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Michigan Republican Party's tactics remind me of Watergate, because both were unnecessary

Back in the 1960s, there was a hilarious TV sitcom called Get Smart, which portrayed the adventures of the world’s most inept spy.

Maxwell Smart was a bumbler who talked into his not-so-secret shoe telephone, carried around a device called the cone of silence, and never really had a clue as to what was going on.

Well, the Cold War is long over, but if he were around today, Smart would clearly have a future in politics.

This week, we learned that the Snyder re-election campaign has evidently revived some version of the classic department of dirty tricks, tactics made most famous by another Richard, the late President Nixon.

The Michigan Republican Party now admits it sent two staffers into a Mark Schauer fundraising event wearing high-tech hidden camera glasses.

Democrats later got possession of the disc, apparently because the Republicans clumsily lost it. My understanding is that it shows the two paid staffers chowing down on appetizers and worrying that the people at the event were on to them. They apparently made small talk with Lisa Brown, the Democratic candidate for lieutenant governor, but not Schauer.

You might think Republicans would now be embarrassed.

But you’d be wrong.

Darren Littell, the state GOP’s communications director, said of spying, “Republicans do it; Democrats do it. This is a newer approach.”

Well, he has a point.

My guess is that they'd all be better off sticking with their grainy old VCR tapes, and talking into their shoes.

Two years ago, Mitt Romney’s campaign was seriously damaged by a secret video recording made at a Republican fundraiser, in which he said that he had to write off 47% of the voters, because they were freeloaders who believe the government has a responsibility to take care of them.

The ethics of shooting that video are debatable, but it was not commissioned or made by the Democrats.

The bartender filmed it on his own, and gave it to the media. But that gave both parties ideas. Yet if the Republican staffers at the Schauer event were hoping to record the Democratic candidate for governor secretly proclaiming allegiance to, say, Joseph Stalin, they were disappointed.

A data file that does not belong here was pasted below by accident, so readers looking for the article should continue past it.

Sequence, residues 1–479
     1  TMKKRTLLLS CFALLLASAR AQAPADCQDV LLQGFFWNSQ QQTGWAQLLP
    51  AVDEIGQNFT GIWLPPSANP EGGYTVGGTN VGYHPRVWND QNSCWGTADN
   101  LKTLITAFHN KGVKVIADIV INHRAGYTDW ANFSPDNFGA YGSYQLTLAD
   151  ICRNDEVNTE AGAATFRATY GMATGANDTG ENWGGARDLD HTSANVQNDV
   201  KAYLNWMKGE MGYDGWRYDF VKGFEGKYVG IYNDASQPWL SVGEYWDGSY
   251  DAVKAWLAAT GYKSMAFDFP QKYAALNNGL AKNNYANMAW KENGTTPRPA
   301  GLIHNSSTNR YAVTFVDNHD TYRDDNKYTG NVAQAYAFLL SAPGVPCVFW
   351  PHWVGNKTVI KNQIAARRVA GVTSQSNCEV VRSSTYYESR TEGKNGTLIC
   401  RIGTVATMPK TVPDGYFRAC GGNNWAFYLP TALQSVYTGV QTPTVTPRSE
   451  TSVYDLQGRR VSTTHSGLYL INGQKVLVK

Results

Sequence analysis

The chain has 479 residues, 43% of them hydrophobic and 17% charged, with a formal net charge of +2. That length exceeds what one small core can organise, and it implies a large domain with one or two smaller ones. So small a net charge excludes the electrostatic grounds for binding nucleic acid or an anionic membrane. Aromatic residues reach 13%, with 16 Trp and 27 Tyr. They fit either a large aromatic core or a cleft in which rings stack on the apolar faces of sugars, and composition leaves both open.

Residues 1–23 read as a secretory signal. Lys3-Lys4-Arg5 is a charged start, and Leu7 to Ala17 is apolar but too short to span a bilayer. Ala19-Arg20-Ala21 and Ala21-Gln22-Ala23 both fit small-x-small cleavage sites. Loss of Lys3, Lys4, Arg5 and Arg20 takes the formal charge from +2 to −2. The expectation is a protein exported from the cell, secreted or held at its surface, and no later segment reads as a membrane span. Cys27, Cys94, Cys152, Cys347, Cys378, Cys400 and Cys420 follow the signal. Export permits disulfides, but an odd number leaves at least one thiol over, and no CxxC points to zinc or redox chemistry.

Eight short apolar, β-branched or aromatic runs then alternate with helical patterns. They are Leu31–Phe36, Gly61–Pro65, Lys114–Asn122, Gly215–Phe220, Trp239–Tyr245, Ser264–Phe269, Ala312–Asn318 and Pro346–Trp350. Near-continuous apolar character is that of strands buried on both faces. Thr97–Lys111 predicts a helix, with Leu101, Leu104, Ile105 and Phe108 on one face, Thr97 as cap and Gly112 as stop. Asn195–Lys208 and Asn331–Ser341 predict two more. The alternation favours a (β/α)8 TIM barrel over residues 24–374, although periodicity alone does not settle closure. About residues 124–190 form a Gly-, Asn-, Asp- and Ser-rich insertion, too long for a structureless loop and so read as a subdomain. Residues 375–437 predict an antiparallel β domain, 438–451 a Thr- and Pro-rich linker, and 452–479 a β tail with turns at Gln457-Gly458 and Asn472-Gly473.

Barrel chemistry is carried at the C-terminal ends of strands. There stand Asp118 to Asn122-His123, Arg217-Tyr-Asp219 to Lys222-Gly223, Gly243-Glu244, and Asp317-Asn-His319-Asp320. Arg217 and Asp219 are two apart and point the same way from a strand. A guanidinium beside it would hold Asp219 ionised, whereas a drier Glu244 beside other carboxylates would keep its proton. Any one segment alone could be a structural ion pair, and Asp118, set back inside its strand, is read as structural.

Actually, they seem to have left, in good Maxwell Smart fashion, before Schauer spoke but after they, the spies, had consumed a lot of pineapple.

This is funny, except that it’s not.

And it does remind me of Watergate. If you don’t remember, the scandal that destroyed Nixon started when a bunch of bunglers were arrested trying to bug the phones at Democratic National Headquarters. Then as now, that’s a place where people spend all day begging donors to give them money.

What was most baffling is why the White House took the risk when it was clear the Democrats had no chance to win that election.

Here, too, it seems to me the risk to the Snyder campaign far outweighs the opportunities. The governor is ahead in the polls, and has vast cash reserves for a fall media blitz.

Schauer’s campaign is hardly as hopeless as George McGovern’s, but he is an underdog. Kids love toys, and I think sometimes new high-tech gadgets become irresistible, whether using them makes any sense or not.

My guess is that they’d all be better off sticking with their grainy old VCR tapes, and talking into their shoes.

Jack Lessenberry is Michigan Radio’s political analyst. Views expressed in the essays by Lessenberry are his own and do not necessarily reflect those of Michigan Radio, its management or the station licensee, The University of Michigan. 

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